Popular weed killer linked to animal convulsions | Courthouse News Service
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Popular weed killer linked to animal convulsions

Researchers applied 300 times less Roundup than the amount recommended on the bottle label.

(CN) — Researcher Akshay Naraine of Florida Atlantic University acknowledges we know little of the effects weed killers have on our nervous systems. But he has discovered one thing: a link between the active ingredient in Roundup and convulsions in soil-dwelling roundworms.

Published in Scientific Reports, Naraine's study focused on Roundup’s active ingredient glyphosate and explored its effects on animal and human nervous systems. Concerned about the lack of data, Naraine tested the effects based on a colleague’s lab technique.

“Electroshock convulsion analysis in soil-dwelling roundworms was a technique developed in Dr. Ken Dawson-Scully’s lab, and while the majority of the work focused on screening novel antiepileptic drug candidates, I wanted to flip the script and test an environmental chemical,” Naraine said in an email. “There was little evidence that glyphosate affected convulsive behavior prior to our study, so the project started in an exploratory manner to determine if the lab’s assay could detect changes brought on by pesticides.”

The study shows glyphosate and Roundup increased seizure-like behavior in the soil-dwelling roundworm species C. elegans. Specifically, glyphosate targets GABA-A receptors, chemical connection points in the roundworm's nervous system.

“In these roundworms, GABA-A receptors are essential for movement and blocking them impairs movement,” Naraine said in the email. “But in the human brain, blocking GABA-A receptors can affect sleep and contribute to depression and anxiety disorders.”

Before testing on the roundworms began, the researched worried when they found that the concentration was at “significantly less levels” than recommended by the U.S. Environmental Protection Agency.

“The concentration listed for best results on the Roundup Super Concentrate label is 0.98% glyphosate, which is about 5 tablespoons of Roundup® in 1 gallon of water,” Naraine said in a statement accompanying the study. “A significant finding from our study reveals that just 0.002% glyphosate, a difference of about 300 times less herbicide than the lowest concentration recommended for consumer use, had concerning effects on the nervous system.”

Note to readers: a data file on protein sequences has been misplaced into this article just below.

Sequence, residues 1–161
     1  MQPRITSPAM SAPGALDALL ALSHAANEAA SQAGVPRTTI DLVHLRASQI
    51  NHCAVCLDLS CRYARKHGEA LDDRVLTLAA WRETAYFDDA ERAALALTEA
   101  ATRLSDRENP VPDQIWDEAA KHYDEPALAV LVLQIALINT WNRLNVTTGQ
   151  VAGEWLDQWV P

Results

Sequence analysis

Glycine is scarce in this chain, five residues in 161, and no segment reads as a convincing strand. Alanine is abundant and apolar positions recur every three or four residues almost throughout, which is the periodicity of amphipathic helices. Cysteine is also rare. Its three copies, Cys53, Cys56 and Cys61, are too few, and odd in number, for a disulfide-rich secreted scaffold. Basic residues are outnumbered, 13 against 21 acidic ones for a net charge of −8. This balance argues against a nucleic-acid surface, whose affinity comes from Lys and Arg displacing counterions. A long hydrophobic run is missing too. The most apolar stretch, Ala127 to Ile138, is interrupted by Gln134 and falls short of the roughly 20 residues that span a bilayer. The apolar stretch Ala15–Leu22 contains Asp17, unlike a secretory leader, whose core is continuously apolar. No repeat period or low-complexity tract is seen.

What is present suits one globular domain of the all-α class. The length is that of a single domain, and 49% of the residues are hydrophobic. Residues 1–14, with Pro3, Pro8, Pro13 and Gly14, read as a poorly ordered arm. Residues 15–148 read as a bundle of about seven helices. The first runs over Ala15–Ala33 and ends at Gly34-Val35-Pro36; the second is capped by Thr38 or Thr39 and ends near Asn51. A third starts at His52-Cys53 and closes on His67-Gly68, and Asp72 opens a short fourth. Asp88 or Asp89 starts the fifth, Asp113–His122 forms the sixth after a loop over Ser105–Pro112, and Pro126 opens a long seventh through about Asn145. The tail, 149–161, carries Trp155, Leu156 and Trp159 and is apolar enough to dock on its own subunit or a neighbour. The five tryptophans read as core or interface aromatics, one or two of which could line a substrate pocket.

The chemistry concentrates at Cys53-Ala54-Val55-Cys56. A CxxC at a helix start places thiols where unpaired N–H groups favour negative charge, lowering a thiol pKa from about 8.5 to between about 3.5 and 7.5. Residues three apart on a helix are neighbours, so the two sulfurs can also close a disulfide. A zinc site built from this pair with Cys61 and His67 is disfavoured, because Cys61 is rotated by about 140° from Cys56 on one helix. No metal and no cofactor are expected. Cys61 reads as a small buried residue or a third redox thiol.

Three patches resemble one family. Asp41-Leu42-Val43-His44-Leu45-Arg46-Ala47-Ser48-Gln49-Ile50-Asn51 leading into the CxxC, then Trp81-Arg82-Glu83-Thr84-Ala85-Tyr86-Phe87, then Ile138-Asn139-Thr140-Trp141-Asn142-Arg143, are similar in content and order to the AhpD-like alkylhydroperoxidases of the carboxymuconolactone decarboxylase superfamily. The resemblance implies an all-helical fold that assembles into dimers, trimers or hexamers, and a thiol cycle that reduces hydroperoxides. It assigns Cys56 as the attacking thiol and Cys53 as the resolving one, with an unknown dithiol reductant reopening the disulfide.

Per the study, researchers first tested glyphosate on a single soil-dwelling roundworm. Then, they tested the U.S. and United Kingdom versions of Roundup from before and after the U.K.’s 2016 ban on polyethoxylated tallowamine (POEAs). Not an easy task considering the secrecy of the Roundup adjuvant composition.

“The adjuvant is the trade secret mix of other chemicals meant to enhance glyphosate’s weed-killer effects, and since it is a trade secret, the chemical contents are not publicly disclosed,” Naraine wrote.

Naraine and the team found glyphosate exacerbated convulsions in the roundworms, a species already vulnerable to convulsions due to thermal stress. This suggests the GABA-A receptor was a neurological target for the observed physiological changes.

“Our data strongly implicates glyphosate and Roundup exposure in exacerbating convulsive effects. This could prove vital as we experience the effects of climate change,” Naraine said.

The researchers say their findings provide further evidence that chronic exposure to glyphosate and weed killers may lead to neurodegenerative diseases such as Parkinson’s disease.

“A 2012 study from King College in Tennessee showed that high amounts of glyphosate degraded dopamine neurons in soil-dwelling roundworms, but more research needs to be done to clarify what chronic exposure effects may result in,” wrote Naraine, adding the roundworms' reactions to the short period of exposure was concerning. “It is truly unique to uncover that glyphosate and Roundup can lead to such significant changes in movement at levels over 300-fold lower than those recommended on the back of the bottle of Roundup.”

In an emailed statement, Roundup manufacturer Bayer noted the study involved worms, not mammals, and the results should not be used to project Roundup's effects on mammals.

"Safety scientists at regulatory agencies around the world have reviewed glyphosate and the other ingredients in glyphosate-based herbicides and specifically considered whether they can harm the nervous system based on data from high-dose studies in mammals, not worms," the company said in a statement. "Scientists that have reviewed all of the available data have concluded that neither glyphosate nor the other ingredients in glyphosate-based herbicides will harm the nervous system at doses much greater than what any human would be exposed to."

As it stands, the study says more than 13 billion pounds of glyphosate was sprayed worldwide from 2005 to 2014, and its use is projected to dramatically increase in the future.

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Categories / Health, Science

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